It’s back to business for McDowell
Wednesday, July 7, 2010
LUSS, Scotland – Graeme McDowell is having a tough time getting back into gear. No wonder, after two weeks of celebrating his U.S. Open win at Pebble Beach.
McDowell has undergone a whirlwind of appearances and parties since becoming the first European to win the U.S. Open since Tony Jacklin in 1970.
Course: Loch Lomond Golf Club (7,149 yards, par 71), Luss, Scotland.
Purse: $4.53 million. Winner's share: $754,500.
TV: Golf Channel (Thu.-Fri., 9:30 a.m.-1 p.m., 6:30-8:30 p.m.; Sat., 9 a.m.-12:15 p.m., 6:30-9:30 p.m.; Sun., 9 a.m.-1 p.m., 7-9:30 p.m.).
Last year: Germany's Martin Kaymer won for the second straight week, edging Raphael Jacquelin and Gonzalo Fernandez-Castano by two strokes. Kaymer won the French Open in a playoff the previous week.
“I’d be lying if I said there was much practice the last two weeks,” said McDowell, who shot even-par 284 to win at Pebble Beach. “There’s been a lot going on. It’s been a bit of a blur. A lot of celebrating, obviously. It’s been a surreal experience for me the last couple of weeks.”
McDowell has spent part of that time sipping champagne out the U.S. Open trophy, which hardly has left his side since he picked it up in California.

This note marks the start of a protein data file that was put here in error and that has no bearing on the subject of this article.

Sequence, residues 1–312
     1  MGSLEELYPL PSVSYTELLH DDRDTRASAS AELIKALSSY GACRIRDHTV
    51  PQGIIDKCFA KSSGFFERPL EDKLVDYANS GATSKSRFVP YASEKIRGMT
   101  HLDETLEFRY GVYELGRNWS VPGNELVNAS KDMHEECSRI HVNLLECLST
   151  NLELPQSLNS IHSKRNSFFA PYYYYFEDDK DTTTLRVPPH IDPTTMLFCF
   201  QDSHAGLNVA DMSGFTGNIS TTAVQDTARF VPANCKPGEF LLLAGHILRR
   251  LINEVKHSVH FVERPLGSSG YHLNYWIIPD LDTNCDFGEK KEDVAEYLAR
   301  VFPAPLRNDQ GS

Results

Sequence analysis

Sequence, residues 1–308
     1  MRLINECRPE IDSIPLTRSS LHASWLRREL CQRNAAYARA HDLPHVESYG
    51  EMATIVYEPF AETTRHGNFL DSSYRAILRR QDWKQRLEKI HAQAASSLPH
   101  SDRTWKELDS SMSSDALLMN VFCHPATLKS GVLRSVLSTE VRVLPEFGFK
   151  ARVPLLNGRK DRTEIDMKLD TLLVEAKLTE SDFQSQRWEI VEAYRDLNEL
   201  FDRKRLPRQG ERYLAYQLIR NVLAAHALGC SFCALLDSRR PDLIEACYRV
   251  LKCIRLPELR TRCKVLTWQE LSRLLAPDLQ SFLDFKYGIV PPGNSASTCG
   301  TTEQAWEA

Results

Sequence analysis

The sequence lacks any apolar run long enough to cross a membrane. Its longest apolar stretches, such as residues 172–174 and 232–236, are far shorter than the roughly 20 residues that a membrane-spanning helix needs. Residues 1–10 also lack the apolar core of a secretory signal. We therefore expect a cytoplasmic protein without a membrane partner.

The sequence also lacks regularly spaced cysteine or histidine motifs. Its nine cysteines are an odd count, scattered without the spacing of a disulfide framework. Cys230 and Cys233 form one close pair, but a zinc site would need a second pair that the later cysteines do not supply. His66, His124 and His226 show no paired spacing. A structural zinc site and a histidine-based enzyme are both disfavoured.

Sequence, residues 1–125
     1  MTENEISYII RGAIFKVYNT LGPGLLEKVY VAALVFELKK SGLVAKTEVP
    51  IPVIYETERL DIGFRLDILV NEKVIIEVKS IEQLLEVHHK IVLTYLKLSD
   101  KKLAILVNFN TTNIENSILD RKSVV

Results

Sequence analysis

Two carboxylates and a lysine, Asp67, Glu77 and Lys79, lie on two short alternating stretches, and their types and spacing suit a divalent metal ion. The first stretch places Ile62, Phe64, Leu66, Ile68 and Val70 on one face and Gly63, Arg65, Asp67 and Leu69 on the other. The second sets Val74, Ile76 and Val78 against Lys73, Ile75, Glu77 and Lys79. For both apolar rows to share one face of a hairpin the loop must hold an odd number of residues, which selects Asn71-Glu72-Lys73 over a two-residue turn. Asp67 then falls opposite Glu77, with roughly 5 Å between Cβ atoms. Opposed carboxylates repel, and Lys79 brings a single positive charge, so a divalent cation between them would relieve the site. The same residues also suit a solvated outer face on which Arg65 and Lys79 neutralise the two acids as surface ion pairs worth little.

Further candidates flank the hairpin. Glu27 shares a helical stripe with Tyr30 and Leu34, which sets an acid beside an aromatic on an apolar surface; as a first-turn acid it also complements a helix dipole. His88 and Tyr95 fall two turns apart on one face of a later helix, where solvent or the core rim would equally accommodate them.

“I flew home from L.A. after I did some stuff out there, and we had a huge kind of homecoming at Rathmore (Golf Club) on the north coast of Ireland,” he said. “We had a pretty good party that night. The sun was up as we were still drinking champagne out of the trophy.”
Now, it’s back to business. However, McDowell, a former winner here, said he isn’t expecting to win.
“I’m not putting any pressure on myself this week. I’ve got one eye on next week (at the Open Championship at St. Andrews),” he said. “I just need to shake the rust out of my system. I’m going to be practicing very hard this week.
“I definitely need to get myself back in shape. I’m going (to St. Andrews) with the expectations of competing and playing well.”
As well as shaking off the rust, McDowell needs to get used to carrying the mantle of major champion. He plans to spend this week and next talking with people about how to handle the pressures that go with winning a major.
“I’m aware of the pitfalls that come with winning a major, the expectations, frustrations, maybe feeling like I’ve made it – things like that,” he said.
“I read a great quote from Michael Campbell. He said: ‘They teach you how to get to the summit of Everest, but no one tells you how to get back down again.”
Campbell won the 2005 U.S. Open and then watched his game go into a downward spiral. He still is mired in mediocrity.
Campbell was 249th on the European money list last year, when he made just six cuts in 22 starts. He has made one cut this year in 10 tournaments. He played all four rounds in last week’s French Open, finishing 79th. His stroke average on tour is 77.2.
Needless to say, McDowell hopes he doesn’t follow Campbell’s path after winning a major championship.
“I feel like I’m young enough to deal with it, and have a long career ahead of me,” McDowell said. “I feel like I’m coming into my prime, playing some of the best golf of my career. I just have to keep doing that, and hopefully I won’t change.”
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